In this phase of the AEM as a Cloud Service Migration Journey, you familiarize yourself with AEM as a Cloud Service. You can review the notable changes introduced and understand what it takes to plan for a successful migration to the cloud.
The previous document, Getting Started with Moving to AEM as a Cloud Service, outlines a list of phases you must undergo so you can migrate to AEM as a Cloud Service. It also outlines the benefits of doing the migration.
This document helps you understand what factors you must consider so you can make sure that your AEM installation is ready to be moved to the cloud:
AEM as a Cloud Service brings many new features and possibilities for managing your AEM Projects.
Along with these improvements, several differences have been introduced between on-premise installations of AEM and Adobe Managed Services, compared to AEM as a Cloud Service.
The list of items in the below table is the subset of the changes most relevant for a migration to AEM as a Cloud Service. You can consult the full list of notable changes here.
|What's Changed?||Reference||Key Takeaways|
|Separate Mutable and Immutable Filters into corresponding packages||AEM as a Cloud Service Notable Changes
AEM Project Structure for AEM as a Cloud Service
|A single package that can be deployed into AEM as a Cloud Service can have sub packages, primarily to contain mutable and immutable content separated into their own packages.|
|Repo Init||Apache Sling RepoInit Documentation||Repoinit scripts are the best practice to create any initial node structures, users, groups, or service users. As these scripts can be targeted by run mode and manageable via code package deployment, they provide much flexibility to achieve repository initialization tasks.|
|Custom Run modes are not allowed||Only run modes provided out of the box with AEM as a Cloud Service are supported.
When additional Development environments are added, all of them tie to the "dev" run mode.
|Cloud Manager Pipeline Execution is the only way to deploy||In AEM as a Cloud Service, access to /system/console is not permitted, hence all OSGi configurations must be part of code, and should be deployed as code.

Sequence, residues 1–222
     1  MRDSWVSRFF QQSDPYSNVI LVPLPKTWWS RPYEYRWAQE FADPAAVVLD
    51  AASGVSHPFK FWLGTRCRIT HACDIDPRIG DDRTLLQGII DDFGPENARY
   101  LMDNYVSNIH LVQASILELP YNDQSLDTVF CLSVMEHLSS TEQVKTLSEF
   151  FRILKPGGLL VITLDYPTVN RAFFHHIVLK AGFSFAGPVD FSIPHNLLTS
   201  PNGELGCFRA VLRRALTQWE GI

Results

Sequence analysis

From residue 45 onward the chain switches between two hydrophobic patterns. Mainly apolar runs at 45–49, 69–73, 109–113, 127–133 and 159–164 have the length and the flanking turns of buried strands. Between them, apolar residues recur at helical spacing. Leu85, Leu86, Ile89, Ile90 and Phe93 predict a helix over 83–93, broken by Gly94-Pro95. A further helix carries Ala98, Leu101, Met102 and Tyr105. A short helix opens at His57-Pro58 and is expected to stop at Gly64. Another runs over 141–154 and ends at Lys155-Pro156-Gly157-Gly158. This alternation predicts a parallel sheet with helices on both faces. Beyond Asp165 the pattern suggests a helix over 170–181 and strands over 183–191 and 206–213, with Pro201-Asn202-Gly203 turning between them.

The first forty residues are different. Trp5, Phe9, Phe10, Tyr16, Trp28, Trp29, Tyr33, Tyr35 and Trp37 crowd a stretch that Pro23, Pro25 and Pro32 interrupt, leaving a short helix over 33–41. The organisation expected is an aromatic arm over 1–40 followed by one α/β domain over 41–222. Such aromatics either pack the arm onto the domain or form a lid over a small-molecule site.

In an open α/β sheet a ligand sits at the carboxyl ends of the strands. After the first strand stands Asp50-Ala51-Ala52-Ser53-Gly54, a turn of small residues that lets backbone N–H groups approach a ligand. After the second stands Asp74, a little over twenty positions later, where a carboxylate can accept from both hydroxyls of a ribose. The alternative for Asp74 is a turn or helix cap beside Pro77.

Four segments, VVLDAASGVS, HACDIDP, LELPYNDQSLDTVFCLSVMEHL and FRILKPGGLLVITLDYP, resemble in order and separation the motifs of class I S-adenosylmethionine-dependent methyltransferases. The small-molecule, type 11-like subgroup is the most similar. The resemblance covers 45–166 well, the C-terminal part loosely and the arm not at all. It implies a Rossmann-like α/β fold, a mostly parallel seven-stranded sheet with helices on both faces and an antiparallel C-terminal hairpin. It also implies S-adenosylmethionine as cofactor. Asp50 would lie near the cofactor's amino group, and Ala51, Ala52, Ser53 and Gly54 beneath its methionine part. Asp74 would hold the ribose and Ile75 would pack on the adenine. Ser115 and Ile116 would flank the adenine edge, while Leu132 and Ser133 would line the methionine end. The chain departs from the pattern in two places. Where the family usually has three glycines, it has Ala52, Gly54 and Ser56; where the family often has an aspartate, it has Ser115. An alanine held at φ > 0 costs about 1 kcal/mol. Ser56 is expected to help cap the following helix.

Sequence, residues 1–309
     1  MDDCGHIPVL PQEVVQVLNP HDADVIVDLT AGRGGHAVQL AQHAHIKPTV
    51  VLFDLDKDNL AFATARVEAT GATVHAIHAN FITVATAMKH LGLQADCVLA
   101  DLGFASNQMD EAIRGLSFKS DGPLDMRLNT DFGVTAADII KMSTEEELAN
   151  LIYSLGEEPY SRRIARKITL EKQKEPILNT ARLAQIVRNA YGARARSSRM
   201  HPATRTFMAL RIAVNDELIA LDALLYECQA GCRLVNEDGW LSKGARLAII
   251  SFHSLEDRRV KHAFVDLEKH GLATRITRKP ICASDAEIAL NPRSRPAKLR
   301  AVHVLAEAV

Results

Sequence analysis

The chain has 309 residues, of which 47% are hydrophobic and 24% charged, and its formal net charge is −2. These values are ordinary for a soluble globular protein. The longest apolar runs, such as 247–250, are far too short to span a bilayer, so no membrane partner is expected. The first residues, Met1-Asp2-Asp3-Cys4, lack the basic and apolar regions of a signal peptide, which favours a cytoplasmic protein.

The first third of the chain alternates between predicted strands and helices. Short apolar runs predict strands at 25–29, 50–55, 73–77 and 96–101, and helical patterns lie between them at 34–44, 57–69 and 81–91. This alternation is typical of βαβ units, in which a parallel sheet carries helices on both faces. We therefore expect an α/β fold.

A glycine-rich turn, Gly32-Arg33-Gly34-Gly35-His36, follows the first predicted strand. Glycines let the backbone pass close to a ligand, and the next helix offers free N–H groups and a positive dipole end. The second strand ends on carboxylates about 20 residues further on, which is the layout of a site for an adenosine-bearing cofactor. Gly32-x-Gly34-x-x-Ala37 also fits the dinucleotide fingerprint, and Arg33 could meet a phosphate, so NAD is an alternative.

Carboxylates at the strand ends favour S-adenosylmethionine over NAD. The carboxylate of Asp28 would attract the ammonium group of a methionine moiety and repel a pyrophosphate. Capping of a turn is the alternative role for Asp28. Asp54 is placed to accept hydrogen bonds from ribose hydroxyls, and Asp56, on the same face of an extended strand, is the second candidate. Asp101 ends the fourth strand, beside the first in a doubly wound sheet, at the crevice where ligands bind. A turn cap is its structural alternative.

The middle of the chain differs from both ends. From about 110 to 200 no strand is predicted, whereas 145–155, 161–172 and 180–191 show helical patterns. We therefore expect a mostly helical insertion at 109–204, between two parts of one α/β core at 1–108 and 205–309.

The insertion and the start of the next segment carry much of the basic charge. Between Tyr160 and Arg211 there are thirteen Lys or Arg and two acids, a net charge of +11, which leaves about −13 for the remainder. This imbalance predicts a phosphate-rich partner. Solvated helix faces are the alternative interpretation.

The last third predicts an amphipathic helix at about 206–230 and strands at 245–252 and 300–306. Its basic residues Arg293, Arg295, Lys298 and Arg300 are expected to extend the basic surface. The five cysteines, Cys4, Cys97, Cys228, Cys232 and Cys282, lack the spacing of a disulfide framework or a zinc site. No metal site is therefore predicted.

The OSGi configurations are available in read-only mode for viewing through Developer Console through Cloud Manager
|Replication Agents are replaced by Sling Content Distribution||The concept of the replication agent is replaced by Sing Content Distribution. If there are customizations that use replication agents, they must be redesigned.
Reverse replication is not supported
|CRX/DE and Package Manager||CRX/DE is allowed only on the Development environment.
Package Manager is accessible on all author instances but the packages that are going to be deployed must contain only mutable content ( for example: /content or /conf)
|Built in CDN and Get your own CDN||AEM as a Cloud Service includes the CDN for all environments which is optimized for most use cases.
If you want to set up your own CDN, you must submit a request to Adobe Support for it to be approved.
If it is approved, the CDN points to Fastly and not to AEM instances in any environments.
|Long Running Jobs||Avoid long running Jobs such as Sling Schedulers or Cron jobs, as the AEM instances running in the containers can come and go at any point.
Rethink these functionalities so you can offload them to Adobe Developer.